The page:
Birds were implanted subcutaneously with either an empty silastic capsule (control birds) or a silastic tube filled with crystalline testosterone (Sigma Chemical Co.; T-1500). The capsules were prepared from 6 mm lengths of medical-grade silastic tubing (1.47 mm inner diameter; 1.96 mm outer diameter; Dow Corning), which were sealed at each end with silastic glue (Dow Corning). Birds were given anaesthetic (methoxyflurane) and had a small incision made to permit subcutaneous insertion of implants on one side of their thorax. The resultant wounds were sealed with medical-grade cyanoacrylate adhesive (Vetbond).

Immune challenge through hypervaccination

Two novel antigens, keyhole limpet haemocyanin (KLH; Sigma-Aldrich) and sheep red blood cells (SRBC; Institute of Medical and Veterinary Science, Adelaide, South Australia) were used to elicit adaptive immune responses in the immune-challenge groups. Inoclation using KLH followed Hasselquist et al. (1999 Behavioral Ecology and Sociobiology), with 1 mg KLH/ml sterile water emulsified 1:1 with Freund’s incomplete adjuvant (Sigma-Aldrich) for the immune challenge groups (IC/T and IC/C) and sterile water emulsified 1:1 with Freund’s incomplete adjuvant for the sham challenge groups (S/C and S/C).  Birds were injected with 100 ml of either mixture into their pectoral muscle. Immune-challenged birds were also injected intra-abdominally with 100 ml of SRBC (10% by volume in phosphate-buffered saline (PBS)), whereas sham-challenged birds were injected with 100 ml PBS. These injections were administered three times, 2-3 weeks apart, to achieve hypervaccination. Metabolic measurements and blood samples were collected 12 days after the first injection and 6 days after the second and third injections.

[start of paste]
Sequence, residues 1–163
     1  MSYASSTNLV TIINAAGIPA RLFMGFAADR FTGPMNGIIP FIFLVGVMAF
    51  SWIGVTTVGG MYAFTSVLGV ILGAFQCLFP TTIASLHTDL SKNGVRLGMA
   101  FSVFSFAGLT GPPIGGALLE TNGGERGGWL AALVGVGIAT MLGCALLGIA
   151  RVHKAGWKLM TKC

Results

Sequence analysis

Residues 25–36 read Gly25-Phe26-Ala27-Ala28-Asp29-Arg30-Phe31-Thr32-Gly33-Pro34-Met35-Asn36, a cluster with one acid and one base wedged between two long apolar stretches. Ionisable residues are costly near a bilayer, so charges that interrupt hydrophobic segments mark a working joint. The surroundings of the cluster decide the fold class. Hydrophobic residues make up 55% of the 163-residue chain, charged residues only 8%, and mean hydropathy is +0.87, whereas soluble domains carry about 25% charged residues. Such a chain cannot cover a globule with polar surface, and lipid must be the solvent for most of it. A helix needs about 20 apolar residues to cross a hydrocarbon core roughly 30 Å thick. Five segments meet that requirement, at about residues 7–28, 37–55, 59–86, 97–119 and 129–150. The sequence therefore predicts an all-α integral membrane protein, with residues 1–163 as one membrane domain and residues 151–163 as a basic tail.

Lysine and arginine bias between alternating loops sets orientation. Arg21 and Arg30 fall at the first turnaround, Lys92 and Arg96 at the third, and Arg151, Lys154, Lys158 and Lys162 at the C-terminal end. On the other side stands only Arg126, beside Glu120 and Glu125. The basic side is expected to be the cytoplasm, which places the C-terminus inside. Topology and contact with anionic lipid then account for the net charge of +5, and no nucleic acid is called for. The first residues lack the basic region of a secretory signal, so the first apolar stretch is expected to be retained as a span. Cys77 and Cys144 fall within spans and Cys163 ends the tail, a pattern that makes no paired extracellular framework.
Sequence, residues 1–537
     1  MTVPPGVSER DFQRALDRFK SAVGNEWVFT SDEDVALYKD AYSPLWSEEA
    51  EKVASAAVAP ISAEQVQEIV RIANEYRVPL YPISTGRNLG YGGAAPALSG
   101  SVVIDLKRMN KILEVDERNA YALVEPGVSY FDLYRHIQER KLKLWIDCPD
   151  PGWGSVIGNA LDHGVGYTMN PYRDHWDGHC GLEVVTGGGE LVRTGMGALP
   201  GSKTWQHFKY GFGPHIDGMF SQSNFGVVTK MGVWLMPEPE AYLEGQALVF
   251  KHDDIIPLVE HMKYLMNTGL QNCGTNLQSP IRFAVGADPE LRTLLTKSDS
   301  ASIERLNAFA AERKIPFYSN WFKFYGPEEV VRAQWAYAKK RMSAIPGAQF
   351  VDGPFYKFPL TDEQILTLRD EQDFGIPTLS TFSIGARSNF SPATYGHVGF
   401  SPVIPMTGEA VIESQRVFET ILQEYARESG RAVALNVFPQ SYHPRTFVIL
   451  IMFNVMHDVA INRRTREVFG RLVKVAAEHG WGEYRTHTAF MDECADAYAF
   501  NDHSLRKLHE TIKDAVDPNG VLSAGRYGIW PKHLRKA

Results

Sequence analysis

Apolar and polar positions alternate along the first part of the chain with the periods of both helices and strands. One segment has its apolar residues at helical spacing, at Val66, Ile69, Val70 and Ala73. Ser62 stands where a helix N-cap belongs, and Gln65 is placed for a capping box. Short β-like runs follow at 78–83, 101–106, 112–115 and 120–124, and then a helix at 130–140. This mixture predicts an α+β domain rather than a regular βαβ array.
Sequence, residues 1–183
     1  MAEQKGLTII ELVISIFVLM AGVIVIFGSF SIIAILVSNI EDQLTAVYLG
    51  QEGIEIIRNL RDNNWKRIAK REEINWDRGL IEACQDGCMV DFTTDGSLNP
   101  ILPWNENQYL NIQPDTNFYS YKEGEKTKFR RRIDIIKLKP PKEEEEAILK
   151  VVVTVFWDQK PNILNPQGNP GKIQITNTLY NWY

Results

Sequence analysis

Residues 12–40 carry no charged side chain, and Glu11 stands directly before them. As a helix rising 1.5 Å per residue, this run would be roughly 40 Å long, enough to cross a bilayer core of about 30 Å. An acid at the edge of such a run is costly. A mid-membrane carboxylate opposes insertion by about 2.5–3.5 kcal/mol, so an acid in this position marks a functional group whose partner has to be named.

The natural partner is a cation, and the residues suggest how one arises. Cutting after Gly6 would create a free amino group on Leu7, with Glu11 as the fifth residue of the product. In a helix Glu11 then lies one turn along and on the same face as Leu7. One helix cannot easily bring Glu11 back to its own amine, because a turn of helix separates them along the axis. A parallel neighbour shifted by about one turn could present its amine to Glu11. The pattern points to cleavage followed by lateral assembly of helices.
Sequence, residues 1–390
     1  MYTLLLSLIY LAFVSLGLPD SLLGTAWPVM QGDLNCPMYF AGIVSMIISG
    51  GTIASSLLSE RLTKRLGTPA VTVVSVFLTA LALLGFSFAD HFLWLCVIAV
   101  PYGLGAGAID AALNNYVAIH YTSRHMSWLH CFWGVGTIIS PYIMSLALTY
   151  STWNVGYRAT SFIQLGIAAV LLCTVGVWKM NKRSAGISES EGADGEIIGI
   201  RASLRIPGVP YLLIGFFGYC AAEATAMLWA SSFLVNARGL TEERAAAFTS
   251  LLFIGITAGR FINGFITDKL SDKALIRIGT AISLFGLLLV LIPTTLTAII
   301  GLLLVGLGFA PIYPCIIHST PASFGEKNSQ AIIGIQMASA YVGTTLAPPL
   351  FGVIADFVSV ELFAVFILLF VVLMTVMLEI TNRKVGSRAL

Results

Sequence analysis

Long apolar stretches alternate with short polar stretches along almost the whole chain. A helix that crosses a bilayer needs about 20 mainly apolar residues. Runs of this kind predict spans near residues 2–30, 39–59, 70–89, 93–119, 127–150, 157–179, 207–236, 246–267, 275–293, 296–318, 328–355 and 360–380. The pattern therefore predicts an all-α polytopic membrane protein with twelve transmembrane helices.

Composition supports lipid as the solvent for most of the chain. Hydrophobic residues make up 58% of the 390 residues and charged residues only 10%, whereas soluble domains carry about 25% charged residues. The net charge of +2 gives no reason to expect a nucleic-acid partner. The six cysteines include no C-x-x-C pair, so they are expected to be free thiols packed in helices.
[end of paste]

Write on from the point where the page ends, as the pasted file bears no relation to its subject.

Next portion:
Quantifying adaptive immunity

Following venepuncture, ~200 μl of blood was collected from an alar vein in heparinised microhaematocrit tubes. Blood samples were immediately centrifuged at 6000 rpm for 5 min and plasma stored at -20 ˚C for hormonal (see Supplementary material) and immune analyses. Plasma concentrations of anti-KLH antibodies were determined using enzyme-linked immunosorbent assay (ELISA) described by Hasselquist et al. (1999 Behavioral Ecology and Sociobiology) and Martinez et al. (2003 Functional Ecology). Constitutive innate immunity and specific immunity to SRBC were determined by quantifying agglutination and lysis activity of plasma before and after exposure to SRBC, respectively, following Matson et al. (2005 Developmental and Comparative Immunology), modified to use 1% suspension of SRBC instead of rabbit RBC.